Like him or not, Alberto Contador is all but sure to be back at the Tour de France next season.
Saxo-Tinkoff Bank’s final-hour ProTeam license awarded this week assures that Contador will return to the Tour for the first time since 2011 — and will be able to prepare fully for the first time since 2010.
Barring injury or another major setback, the Spanish superstar will be the centerpiece in the battle for the yellow jersey after being sidelined this season due to his backdated clenbuterol ban.
And his rivals know that when Contador is in the race, things get electric very quickly.
“Contador will be back in the Tour next year,” said Sky’s 2012 Tour winner Bradley Wiggins. “Alberto changes any races he’s in.”
Contador’s aggression in the mountains dramatically alters the dynamics of any race when he’s at the start line. Unlike many pros who target only certain events, the Spaniard typically races for the win in just about every race he starts.
Riders inside the peloton admit that this year’s Tour — and even 2011 when he was not in top shape — simply wasn’t the same without the Contador factor.
“Alberto will be back next year and you know he will be extra motivated to win,” 2011 Tour winner Cadel Evans (BMC Racing) said at the Tour presentation in October. “He is always a hard competitor. He always races to win.”
The WorldTour license for 2013 will ease anxiety within the Saxo camp.
Last month, when Saxo was not included in the first round of 18 licenses, Contador voiced concerns that he might not have time to properly prepare for the Tour if the team were forced to wait for a wildcard entry.
However, with Saxo Bank safely within the 18-team league, Contador can plan his season with everything built around hitting peak form for the Tour de France in July.
Whether everyone will cheer his return to the Tour remains to be seen.
Perhaps no rider in the peloton today is as divisive as the “Pistolero del Pinto.”
Fans love his aggressive and attacking style, while detractors say there are simply too many question marks about his past to embrace him.
His clenbuterol case, which led to disqualification of his 2010 Tour de France win, as well as his 2011 Giro d’Italia victory, was loaded with controversy.
Contador has passionately insisted his wins have come clean and said that his clenbuterol case was triggered after eating tainted Spanish beef.
Other complications could be on the horizon as well.
Though he was not named in the U.S. Anti-Doping Agency’s investigation into the U.S. Postal Service-Discovery Channel-Astana doping legacy, links between Contador and former trainer Pepe Martí — who is facing a lifetime ban — could mean some uncomfortable questions for Contador going into next season.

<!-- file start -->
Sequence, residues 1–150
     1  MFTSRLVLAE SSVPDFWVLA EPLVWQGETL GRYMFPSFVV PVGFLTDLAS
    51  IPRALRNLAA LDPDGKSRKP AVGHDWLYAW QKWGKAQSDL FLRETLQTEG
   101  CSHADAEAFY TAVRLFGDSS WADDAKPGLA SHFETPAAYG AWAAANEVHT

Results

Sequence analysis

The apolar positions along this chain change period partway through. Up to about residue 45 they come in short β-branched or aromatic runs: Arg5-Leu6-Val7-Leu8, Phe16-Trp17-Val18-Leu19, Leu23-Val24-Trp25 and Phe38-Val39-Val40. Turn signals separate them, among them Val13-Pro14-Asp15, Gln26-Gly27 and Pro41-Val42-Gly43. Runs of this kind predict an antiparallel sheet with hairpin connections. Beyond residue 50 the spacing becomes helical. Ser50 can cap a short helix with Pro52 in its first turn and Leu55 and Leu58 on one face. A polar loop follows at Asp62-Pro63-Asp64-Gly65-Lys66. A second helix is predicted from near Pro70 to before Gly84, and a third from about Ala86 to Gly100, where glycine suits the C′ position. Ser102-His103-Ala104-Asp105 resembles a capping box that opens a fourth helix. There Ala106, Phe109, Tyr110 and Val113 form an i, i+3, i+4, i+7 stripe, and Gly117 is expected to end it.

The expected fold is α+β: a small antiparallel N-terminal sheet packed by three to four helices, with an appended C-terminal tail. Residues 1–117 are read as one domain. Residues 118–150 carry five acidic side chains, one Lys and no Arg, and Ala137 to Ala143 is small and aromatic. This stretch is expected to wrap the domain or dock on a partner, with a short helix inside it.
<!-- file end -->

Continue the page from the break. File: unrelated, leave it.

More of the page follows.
An expected trial involving Dr. Eufemiano Fuentes, Manolo Saíz and other key players in the Operación Puerto blood doping ring dating back to 2006 will also raise old questions about Contador, who, while racing with Liberty Seguros at the time, was among nine riders not allowed to start the 2006 Tour.
Renewed pressure on Saxo team boss Bjarne Riis, with fresh accusations leveled by Tyler Hamilton dating back to links between the Dane and Fuentes, will mean that 2013 will be anything but tranquil.
On the sporting side, however, Contador should see smoother sailing.
Gone is longtime sidekick Dani Navarro (to Cofidis), but the arrival of several quality riders, including Nicholas Roche, Roman Kreuziger, Michael Rogers, U.S. champ Timmy Duggan and Rory Sutherland, will mean Contador will see the best support in years.
Roche said he’s excited about the prospect of riding for Contador despite giving up on his own GC chances at the Tour.
“Maybe I will lose my own chances in the short-term for the Tour, but I think I will learn a lot from riding in support of Alberto,” Roche told VeloNews in an earlier interview. “When you have a rider like Alberto, it’s natural that everyone will ride to support him. I have no problems with that. I will have chances in other races. And the chance to win the Tour with Alberto will give everyone extra motivation.”
What’s sure is that Contador will have no shortage of motivation for 2013.
He says his clenbuterol ban was an injustice and promises to set the record straight by taking back the yellow jersey from 2010 that was stripped in the wake of the Court of Arbitration for Sport ruling against him in early 2012.
With a climber-friendly route on tap for the centennial edition, Contador is doubly motivated for the Tour.
“It’s a balanced Tour, one that should go right down to the wire,” Contador said when he saw the route for the first time. “Of course, I will fight for the win at the Tour. I know it won’t be easy, but it’s the race that motivates me most.”
With the WorldTour license in the bag, Contador and Riis can start planning to hit Corsica with certainty that they will be there.